What image software could have been used on a PC 3270?

Hi. On occasion I like to investigate DOS games, usually little known titles that might have escaped my attention. A week or so ago, I stumbled upon a game called Harp: A Fantasy Adventure Book, released in 1993 by the Korean studio Aduccini. It's an isometric, black and white adventure game that requires reading and exploring the game world to advance through its story.

Because I'm curious - but by no means an expert - about game formats, I decided to explore the game files. Even thought about translating the game into English, as the original DOS version only saw a Korean release. It turns out the text is actually easy to modify as all dialogue is stored inside simple text files. I also figured I might as well try to improve the graphics, which are... shall we say, perfunctory at best. You can see how it looks in this MobyGames gallery.

However, here's where it gets tricky. I cannot for the life of me figure out the image format. I expanded the executable with PKLITE to try and find at least some clue as to what might have gone into the game's creation (this is because there is absolutely no information whatsoever that I can find online on the studio). It seems it was built on a PC3270, running on an IBM 8514 display and a Hercules-based videocard: not only is HERC referenced in the executable, selecting any other non-Hercules card in DosBox will crash the game. And the HERC.BGI device driver file was a pretty good hint, too :) Other than this piece of info, all other files accompanying the game have the *.HRP extension, though this isn't very relevant - they're just different kinds of files with the extension tacked on.

However, the image files have the following header info: 2E 70 69 63, which reads ".pic" (w/o the quotes). They're often preceded by other info, such as ".book1", ".camp", etc., in reference to their ingame use.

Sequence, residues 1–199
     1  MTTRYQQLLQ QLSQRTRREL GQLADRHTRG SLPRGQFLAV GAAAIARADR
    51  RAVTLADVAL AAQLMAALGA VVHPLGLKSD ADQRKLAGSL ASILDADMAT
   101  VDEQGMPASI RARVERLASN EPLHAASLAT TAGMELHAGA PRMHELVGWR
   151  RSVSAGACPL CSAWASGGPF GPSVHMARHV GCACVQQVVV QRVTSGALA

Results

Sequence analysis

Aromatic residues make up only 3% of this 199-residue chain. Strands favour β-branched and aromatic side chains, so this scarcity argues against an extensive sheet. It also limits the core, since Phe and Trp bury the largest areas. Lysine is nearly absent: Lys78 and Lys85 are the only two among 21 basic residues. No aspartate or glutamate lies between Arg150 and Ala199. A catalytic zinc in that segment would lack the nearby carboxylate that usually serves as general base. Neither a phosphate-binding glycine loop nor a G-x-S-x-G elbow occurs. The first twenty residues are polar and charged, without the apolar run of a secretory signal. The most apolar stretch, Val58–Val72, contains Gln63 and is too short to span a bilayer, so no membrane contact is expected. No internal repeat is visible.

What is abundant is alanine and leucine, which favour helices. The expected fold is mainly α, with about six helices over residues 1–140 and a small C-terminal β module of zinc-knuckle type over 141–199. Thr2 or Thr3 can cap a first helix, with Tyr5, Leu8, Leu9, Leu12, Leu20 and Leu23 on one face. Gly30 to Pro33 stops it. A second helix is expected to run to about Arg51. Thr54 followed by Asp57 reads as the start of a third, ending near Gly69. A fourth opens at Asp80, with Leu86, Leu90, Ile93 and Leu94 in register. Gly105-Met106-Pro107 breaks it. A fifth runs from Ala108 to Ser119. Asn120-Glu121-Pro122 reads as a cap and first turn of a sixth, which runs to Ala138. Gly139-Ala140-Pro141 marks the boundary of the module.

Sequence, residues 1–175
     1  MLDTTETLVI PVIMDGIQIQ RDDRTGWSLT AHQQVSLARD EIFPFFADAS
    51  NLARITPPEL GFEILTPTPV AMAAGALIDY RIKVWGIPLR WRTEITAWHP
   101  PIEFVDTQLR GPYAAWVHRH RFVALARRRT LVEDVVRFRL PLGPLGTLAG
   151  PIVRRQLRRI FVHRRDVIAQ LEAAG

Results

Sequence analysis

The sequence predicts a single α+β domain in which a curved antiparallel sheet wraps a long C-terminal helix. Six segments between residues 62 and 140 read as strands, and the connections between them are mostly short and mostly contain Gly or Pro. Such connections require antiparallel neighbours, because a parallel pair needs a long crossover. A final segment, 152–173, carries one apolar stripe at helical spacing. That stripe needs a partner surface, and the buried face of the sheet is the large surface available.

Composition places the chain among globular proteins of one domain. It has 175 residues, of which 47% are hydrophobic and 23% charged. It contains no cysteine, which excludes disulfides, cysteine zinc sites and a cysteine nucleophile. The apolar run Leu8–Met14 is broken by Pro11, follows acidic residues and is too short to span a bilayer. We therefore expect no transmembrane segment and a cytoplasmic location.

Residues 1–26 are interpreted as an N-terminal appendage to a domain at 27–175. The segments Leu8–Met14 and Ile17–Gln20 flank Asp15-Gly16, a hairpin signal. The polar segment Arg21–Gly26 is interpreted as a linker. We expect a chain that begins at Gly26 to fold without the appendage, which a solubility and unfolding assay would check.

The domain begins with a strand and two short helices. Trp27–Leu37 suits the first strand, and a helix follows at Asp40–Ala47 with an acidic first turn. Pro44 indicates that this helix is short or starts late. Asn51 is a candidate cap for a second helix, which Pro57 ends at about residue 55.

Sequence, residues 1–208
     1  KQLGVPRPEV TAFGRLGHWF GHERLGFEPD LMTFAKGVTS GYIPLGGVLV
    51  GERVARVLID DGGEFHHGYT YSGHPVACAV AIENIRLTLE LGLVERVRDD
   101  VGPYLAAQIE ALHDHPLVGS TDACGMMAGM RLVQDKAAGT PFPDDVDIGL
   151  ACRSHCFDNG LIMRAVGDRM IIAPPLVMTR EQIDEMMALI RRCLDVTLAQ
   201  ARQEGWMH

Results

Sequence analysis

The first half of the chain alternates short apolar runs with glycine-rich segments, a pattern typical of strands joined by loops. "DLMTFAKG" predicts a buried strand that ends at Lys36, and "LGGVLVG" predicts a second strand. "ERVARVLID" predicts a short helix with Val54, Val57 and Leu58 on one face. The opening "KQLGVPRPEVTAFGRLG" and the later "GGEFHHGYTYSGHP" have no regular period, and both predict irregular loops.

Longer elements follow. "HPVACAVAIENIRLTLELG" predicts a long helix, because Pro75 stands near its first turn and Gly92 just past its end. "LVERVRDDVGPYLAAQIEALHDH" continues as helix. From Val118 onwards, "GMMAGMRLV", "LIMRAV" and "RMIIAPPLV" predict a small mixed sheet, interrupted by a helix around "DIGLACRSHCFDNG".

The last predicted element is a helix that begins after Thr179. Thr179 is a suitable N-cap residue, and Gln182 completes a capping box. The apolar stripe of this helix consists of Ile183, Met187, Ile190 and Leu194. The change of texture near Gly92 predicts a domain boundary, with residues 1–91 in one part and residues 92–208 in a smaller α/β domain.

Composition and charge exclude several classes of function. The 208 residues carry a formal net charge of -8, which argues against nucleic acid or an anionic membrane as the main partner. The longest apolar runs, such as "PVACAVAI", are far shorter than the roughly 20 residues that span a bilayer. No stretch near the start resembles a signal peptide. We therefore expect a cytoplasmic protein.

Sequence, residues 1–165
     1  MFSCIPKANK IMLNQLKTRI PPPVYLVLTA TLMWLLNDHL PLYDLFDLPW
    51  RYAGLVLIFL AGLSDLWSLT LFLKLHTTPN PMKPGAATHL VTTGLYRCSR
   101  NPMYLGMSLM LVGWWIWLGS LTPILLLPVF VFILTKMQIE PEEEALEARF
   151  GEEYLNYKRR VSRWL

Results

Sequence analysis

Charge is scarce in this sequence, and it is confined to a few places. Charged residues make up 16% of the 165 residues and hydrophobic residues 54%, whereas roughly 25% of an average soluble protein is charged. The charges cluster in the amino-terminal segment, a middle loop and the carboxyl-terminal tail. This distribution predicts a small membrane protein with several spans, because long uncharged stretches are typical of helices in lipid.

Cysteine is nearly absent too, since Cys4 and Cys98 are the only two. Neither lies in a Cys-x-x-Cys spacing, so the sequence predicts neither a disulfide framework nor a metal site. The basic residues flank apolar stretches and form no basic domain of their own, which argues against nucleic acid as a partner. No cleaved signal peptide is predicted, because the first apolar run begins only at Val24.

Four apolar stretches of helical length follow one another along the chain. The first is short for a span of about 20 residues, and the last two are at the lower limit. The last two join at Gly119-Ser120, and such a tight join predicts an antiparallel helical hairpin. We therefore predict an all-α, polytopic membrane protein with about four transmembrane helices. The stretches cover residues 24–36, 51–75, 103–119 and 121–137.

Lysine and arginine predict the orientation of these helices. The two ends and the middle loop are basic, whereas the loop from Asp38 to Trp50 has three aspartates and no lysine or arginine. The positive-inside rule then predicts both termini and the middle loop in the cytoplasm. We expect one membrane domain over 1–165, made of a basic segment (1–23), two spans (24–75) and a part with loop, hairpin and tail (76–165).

So my question is, what image editing software could have been used at the time to create monochrome graphics on the aforementioned setup? Where would I begin searching for clues about this? To make matters trickier, I strongly believe these may be compressed: there are other image files in the directory which I can see (using an outdated but somewhat versatile image viewer) but no such luck with these.

For reference I'm including one of these image files, and one of the files inside it, in case anyone would be so kind as to take a look:

"STILLRES.HRP" is the container file for a number of images.
"nabi.pic" is one of the files extracted from it.

Thanks in advance for any help on this matter :)


  • From the sound of it, I suspect this is a crufty warez release that is missing VGA graphics resources.

    Chances are the images use structures that are fed directly in the Borland BGI drivers. So studying those might reveal some clue. But if there is compression, it could use any kind of compression library on top.

    Chances are this "pic" file format is proprietary. That is, something they developed themselves. That was quite common. But you could try various image editors here to see if any will open them. Paint Shop Pro, Deluxe Paint, and Dr. Halo come to mind as possibilities.
  • This PIC file does not look to have the header for PICTOR (PC Paint) or Lotus files or the later BGI format from Borland. Hey, if the header includes width and height values, that gives something easy to search for.

    Turbo Pascal Graphix Toolbox supports loading and saving bitmaps and SAVESCREEN suggests using a PIC format for saved files. Harp looks like it will be using LoadWindow to get the image in the correct place. I haven't gone through GWindow and GDriver to see if the PIC format used here matches what they want to load.

    There was a free Turbo Paint program written by Donald Pavia which included a conversion program that turns files from other paint programs into PIC files Turbo Pascal can use. Irritatingly, the website that offers it makes it very difficult to download. Other simple paint programs that would have defaulted to Turbo Pascal's format would have been relatively simple to create.
  • Game multimedia was often in custom file formats. There are groups who spent their time reverse engineering them:
  • @SomeGuy : Could it be? I never thought that could be the case, but who knows. I did find out the studio released a remake of sorts for DOS 2 years later. It has a couple of additional story scenarios and VGA support but also changes perspective and introduces ho-hum combat. So maybe this version was just this a project they got going, and not necessarily a warez release.

    @menage and @ctrlc: Thank you for the heads up! I suspect I will have to get down and dirty with code at some point. Not my forte, but I'll see what I can do, including tracking down Pavia's program.

    Thank you once again! :)
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